Perhaps it’s down to the amazing ethnic mix that is now London, perhaps that mix harks back to the days of Empire and the cultural exchanges which resulted, because I appreciate that many of the foods I relished weren’t English in origin. In fact, without traveling too far I had my first bubble tea too (yummy and more-ish) and my first egg waffles in Chinatown… least there was plenty of walking involved in this feasting to ease the guilt!

Sitting here, feeling bloated just thinking about the deliciousness makes me want to dash down to the airport and get back to London, and I never would have thought that it would be the food which would draw me back – the city has come a long way from greasy chips!

And another nod to who eased my stay in London and added to my comfort!


Author: IslandMomma

Exploring island life and the freedoms of Third Age: Challenging myself every day: writing, traveling, snapping pix, running & teaching ESL

8 thoughts on “What Happened to Britain’s Awful Food?

  1. Isn’t it funny how food and or smells of it bring us memories? And the vast changes we have seen since we were kids, going with our penny spending money to Aruthur Banks for spearmint chews (pink waffle appearance) and Highland toffee bars. you could do a whole post on sweetiess alone and how as we mature we prefer dark bitter chocolate to diary milk stuff etc.
    I think the food of our childhood was influenced by wartime rationing and our mum’s cooked more or less what they’d grown up eating until magazines and Fanny Craddock came along. Now we are bombarded with cookery promgrammes and competitions it is hard not to be influenced byt them, even when you don’t really watch so many. my favourites always involve travel and how people eat in other parts of the world, Rick Stein being excellent at this sort of thing.
    When I buy sausages I still think of the fact that your household always had beef sausages and now you never see those anywhere and I can’t actually remember eating pork sausages as a child. the most delicious thing my mother made was old hen pie, wonderful name eh? the way the underside of the dumplings soaked up the chicken gravy is somehting I still try to get right. also, olive oil, which I can’t imagine a day without using, was confined to the medicine cupboard ina tiny bottle for earache!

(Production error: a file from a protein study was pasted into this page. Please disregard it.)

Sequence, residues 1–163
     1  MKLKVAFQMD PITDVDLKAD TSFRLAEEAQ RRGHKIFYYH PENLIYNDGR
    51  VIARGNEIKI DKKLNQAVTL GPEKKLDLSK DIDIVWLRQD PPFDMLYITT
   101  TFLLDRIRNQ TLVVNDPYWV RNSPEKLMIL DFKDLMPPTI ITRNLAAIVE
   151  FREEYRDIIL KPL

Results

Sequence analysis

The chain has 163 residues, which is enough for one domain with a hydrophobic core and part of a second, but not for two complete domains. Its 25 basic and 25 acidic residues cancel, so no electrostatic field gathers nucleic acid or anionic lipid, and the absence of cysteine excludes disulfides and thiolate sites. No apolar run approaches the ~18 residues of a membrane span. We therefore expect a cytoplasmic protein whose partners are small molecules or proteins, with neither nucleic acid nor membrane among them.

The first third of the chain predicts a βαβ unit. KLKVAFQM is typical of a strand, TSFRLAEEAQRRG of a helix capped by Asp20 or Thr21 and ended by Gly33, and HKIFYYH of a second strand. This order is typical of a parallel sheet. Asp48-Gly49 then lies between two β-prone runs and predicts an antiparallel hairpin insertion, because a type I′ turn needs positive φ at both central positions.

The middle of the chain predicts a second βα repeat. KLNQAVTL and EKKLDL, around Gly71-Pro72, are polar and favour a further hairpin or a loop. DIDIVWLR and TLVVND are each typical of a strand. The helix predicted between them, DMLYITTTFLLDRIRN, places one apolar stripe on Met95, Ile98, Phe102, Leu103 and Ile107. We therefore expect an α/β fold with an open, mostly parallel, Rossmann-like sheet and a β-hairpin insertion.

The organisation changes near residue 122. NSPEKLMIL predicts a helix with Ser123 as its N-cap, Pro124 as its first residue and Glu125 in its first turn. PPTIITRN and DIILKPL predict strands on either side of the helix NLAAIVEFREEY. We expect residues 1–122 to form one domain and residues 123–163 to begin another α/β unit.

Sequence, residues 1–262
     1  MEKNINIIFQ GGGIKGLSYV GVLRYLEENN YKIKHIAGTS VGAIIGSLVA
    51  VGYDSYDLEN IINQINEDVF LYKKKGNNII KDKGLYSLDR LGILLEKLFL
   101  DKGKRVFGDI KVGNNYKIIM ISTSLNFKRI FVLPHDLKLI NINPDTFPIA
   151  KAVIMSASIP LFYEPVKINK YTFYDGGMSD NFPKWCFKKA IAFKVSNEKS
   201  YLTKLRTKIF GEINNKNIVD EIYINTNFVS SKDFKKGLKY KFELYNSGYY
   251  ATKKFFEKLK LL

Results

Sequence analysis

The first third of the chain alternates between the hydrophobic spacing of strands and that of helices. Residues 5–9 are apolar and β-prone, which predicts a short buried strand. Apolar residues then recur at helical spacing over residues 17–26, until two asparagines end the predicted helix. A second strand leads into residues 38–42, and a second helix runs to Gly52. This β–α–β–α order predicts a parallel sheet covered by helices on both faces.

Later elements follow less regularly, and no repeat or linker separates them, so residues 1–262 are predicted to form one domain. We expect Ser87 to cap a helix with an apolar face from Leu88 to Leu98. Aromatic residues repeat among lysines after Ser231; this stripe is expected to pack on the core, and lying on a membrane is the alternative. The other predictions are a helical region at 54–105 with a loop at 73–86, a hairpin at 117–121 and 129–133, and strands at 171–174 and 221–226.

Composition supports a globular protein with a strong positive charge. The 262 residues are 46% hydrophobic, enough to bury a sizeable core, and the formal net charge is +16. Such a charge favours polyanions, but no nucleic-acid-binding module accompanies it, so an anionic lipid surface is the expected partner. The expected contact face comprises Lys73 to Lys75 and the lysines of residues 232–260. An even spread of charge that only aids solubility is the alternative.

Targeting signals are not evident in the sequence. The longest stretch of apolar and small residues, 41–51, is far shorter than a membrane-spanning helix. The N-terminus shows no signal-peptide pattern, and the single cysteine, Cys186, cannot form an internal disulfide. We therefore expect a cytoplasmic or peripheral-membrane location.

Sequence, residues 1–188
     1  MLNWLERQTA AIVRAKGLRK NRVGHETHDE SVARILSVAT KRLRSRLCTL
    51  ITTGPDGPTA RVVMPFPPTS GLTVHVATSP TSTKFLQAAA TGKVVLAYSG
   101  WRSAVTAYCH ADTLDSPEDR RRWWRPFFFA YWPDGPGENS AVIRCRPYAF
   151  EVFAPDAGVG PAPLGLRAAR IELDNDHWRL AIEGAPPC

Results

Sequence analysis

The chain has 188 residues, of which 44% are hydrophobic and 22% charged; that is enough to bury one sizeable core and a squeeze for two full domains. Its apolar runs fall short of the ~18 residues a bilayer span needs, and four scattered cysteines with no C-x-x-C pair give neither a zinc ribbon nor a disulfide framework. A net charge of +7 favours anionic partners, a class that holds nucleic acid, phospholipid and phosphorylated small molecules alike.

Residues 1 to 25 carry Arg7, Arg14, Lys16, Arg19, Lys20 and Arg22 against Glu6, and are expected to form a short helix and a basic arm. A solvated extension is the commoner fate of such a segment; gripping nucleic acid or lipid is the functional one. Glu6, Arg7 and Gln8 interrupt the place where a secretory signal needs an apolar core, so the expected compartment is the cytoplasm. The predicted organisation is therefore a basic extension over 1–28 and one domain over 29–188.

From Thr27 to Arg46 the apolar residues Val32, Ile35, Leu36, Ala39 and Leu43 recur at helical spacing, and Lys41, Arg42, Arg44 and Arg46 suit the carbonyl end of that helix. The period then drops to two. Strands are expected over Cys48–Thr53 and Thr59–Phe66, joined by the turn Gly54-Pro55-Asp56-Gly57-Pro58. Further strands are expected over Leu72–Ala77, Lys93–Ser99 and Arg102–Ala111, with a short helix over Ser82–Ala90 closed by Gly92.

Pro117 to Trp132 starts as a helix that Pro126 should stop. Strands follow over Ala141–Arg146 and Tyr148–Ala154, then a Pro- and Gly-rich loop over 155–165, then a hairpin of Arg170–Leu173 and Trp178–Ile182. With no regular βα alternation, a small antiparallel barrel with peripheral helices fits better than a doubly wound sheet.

2. LOL! I’d entirely forgotten that about olive oil! You’re right – how things have changed. Old hen pie sounds wonderful. It was chicken pie?

  3. well yes and no, chicken was a luxury food, old chickens that stopped laying went into the pot and took a lot of cooking to stop them being tought. I seem to recall a pressure cooker being involved and there’s another blast from the past!

  4. So pleased you had good food experiences on this trip Linda. Our food has improved at a rate most other countries have yet to catch up. The chances of getting a bad meal in the UK are really remote nowadays thank goodness!

    The irony of it is that the holiday resorts abroad still seem to cater for British tourists that I remember from the 70s. Still serving fish/burger/chicken n chips, overcooked roast beef & Yorkshire and pizza. The two teenage boys I took on holiday this summer couldn’t believe how difficult it was to find either local dishes or decent English food. Maybe we need to start a campaign abroad now!

  5. It most certainly has. I’m used to great pub grub in the Lake District, but London is so much better than it used to be. Went to a couple of press breakfasts with really impressive food too. One at the Automat in Mayfair and another just around the corner from Excel, but to my shame I didn’t note the name. Guy & I also had breakfast in Garfunkel’s which I presume is a large chain, and it really was ok.

    I can only guess that a lot of folk emigrated back in the 70s and 80s to live their dream and run bars in Spain! – which is only half a joke. As you can imagine I tend to steer clear of resorts, although Los Cristianos has some decent places to be fair. Yes, a campaign would be good!!

    Thanks v much for the comment, Zoë.

  6. Pingback: Empire: a Restaurant Worth Wearing Shoes For! | Islandmomma